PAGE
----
Shadowbox Cabaret is known for crafting some wild and crazy productions, but with Jesus Christ Superstar, the group may be taking their most radical approach to a piece yet -- totally straight.

Shadowbox Cabaret is known for crafting some wild and crazy productions, but with Jesus Christ Superstar, the group may be taking their most radical approach to a piece yet -- totally straight.

Keeping up the controversial politics of the original Andrew Lloyd Webber and Tim Rice production, Superstar focuses heavily on the last week of regular guy Jesus' life, as well as his relationships with Judas and Mary Magdalene. It's an intriguing work that's made stranger by the Shadowbox troupe mounting the production.

J.T. Walker III, who previous shined as Dr. Prospero in the absurdly hilarious Return to the Forbidden Planet, plays Jesus as a more subdued, questioning spiritual leader. He's less divine, and embodies Rice's infamous quote, being "simply the right man at the right time at the right place."

Similarly, Brandon Anderson shines as a sympathetic Judas, especially during his rousing rendition of "Superstar."

But it's the women who really rule this production, especially Stacie Boord as Mary. While the guys sing the more rocking numbers, Boord gets the ballads, including "I Don't Know How to Love Him," a song that became a top-20 hit in the 1970s. A double threat, Boord is also one of the featured dancers, a foursome that steals the production when they're on stage.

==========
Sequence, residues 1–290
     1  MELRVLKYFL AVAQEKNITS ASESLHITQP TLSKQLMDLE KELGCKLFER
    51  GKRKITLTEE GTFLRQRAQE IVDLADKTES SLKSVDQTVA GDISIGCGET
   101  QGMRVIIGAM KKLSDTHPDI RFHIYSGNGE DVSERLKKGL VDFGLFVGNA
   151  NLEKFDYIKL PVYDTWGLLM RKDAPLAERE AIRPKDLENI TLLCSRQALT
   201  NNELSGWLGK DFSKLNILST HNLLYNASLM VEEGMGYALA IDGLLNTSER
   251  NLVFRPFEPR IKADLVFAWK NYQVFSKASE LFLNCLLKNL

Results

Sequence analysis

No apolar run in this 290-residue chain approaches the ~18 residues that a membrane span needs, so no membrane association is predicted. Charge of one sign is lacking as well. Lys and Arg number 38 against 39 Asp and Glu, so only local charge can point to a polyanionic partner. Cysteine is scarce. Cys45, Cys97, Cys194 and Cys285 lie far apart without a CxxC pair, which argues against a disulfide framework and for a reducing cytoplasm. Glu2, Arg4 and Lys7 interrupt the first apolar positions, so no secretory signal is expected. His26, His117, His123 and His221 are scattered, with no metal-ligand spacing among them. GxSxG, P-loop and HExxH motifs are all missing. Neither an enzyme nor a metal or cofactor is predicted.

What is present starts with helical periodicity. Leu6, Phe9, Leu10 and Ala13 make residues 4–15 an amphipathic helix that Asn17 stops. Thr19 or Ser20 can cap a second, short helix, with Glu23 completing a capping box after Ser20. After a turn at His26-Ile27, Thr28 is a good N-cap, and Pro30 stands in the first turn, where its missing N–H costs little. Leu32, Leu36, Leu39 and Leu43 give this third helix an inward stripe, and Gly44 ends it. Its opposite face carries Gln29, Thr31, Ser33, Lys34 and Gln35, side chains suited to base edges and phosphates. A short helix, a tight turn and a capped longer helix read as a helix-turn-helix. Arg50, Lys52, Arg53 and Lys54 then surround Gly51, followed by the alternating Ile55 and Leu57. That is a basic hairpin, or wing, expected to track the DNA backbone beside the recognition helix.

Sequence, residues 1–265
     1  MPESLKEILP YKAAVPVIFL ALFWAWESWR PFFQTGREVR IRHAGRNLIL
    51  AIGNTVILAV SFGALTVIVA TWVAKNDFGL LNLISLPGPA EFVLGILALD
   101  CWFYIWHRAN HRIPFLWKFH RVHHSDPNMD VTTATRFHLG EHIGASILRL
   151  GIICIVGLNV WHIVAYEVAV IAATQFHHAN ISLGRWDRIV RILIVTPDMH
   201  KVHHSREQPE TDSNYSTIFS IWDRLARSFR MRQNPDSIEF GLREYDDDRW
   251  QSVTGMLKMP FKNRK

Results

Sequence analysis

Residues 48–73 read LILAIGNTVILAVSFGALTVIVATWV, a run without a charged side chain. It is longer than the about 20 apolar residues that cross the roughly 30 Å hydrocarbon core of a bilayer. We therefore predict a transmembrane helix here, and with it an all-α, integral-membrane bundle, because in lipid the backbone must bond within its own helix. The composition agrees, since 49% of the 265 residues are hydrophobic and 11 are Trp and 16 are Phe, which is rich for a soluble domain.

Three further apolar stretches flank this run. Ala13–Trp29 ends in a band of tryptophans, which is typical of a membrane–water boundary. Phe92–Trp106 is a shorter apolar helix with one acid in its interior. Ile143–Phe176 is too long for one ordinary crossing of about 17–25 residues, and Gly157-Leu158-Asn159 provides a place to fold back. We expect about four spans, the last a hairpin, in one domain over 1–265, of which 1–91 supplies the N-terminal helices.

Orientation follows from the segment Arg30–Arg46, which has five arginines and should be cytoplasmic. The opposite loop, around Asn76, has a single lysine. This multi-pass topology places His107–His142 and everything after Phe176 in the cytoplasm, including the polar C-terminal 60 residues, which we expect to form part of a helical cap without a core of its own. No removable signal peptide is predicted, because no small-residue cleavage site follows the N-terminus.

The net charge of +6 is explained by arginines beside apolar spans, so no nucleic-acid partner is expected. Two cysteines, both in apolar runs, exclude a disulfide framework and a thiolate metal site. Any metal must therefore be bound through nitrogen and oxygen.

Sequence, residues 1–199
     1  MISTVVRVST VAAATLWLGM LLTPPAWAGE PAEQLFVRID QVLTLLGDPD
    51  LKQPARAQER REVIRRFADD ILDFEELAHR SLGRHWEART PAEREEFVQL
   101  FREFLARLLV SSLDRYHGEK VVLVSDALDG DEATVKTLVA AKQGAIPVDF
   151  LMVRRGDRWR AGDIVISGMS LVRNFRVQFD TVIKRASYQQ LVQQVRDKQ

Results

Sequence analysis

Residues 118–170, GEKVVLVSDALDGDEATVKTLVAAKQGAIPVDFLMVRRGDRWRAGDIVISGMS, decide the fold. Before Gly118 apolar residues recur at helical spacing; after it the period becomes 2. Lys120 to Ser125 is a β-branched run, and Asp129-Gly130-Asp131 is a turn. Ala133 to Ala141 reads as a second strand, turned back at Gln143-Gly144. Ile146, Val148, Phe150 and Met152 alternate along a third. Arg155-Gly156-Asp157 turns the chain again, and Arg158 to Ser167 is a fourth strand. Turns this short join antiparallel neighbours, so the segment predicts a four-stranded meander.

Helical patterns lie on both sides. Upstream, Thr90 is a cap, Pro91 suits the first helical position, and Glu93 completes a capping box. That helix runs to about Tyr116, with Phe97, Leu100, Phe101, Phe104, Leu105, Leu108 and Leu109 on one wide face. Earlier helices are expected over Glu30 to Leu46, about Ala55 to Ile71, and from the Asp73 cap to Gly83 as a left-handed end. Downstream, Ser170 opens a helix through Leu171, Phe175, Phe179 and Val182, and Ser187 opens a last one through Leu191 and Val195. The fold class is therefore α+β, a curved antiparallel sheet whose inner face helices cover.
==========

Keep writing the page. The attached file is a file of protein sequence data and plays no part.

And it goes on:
Stopping the show is Edelyn Parker as King Herod, whose sole song -- appropriately called "King Herod's Song" -- is a vaudevillian spectacle that feels closer to typical Shadowbox. It's hilarious, a little wacky and completely inappropriate for the circumstances, which is exactly the moment we were all waiting for.

Jesus Christ Superstar

WHEN: Through Nov. 16

WHERE: Shadowbox Cabaret, Easton

WEB: shadowboxcabaret.com

With only a handful of featured performers among a cast of 21, the ensemble occasionally gets the show in trouble, when they're too expressive and distract from the main action. It's hard to follow Jesus during "The Last Supper" when the apostles are all getting drunk in the background.

Nevertheless, the troupe does the show proud, and it's a nice change of pace from their usual shenanigans.